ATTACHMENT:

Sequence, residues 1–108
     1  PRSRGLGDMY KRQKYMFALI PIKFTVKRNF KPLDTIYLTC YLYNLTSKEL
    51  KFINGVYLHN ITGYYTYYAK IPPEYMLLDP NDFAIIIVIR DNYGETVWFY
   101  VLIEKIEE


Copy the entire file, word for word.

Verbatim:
Sequence, residues 1–108
     1  PRSRGLGDMY KRQKYMFALI PIKFTVKRNF KPLDTIYLTC YLYNLTSKEL
    51  KFINGVYLHN ITGYYTYYAK IPPEYMLLDP NDFAIIIVIR DNYGETVWFY
   101  VLIEKIEE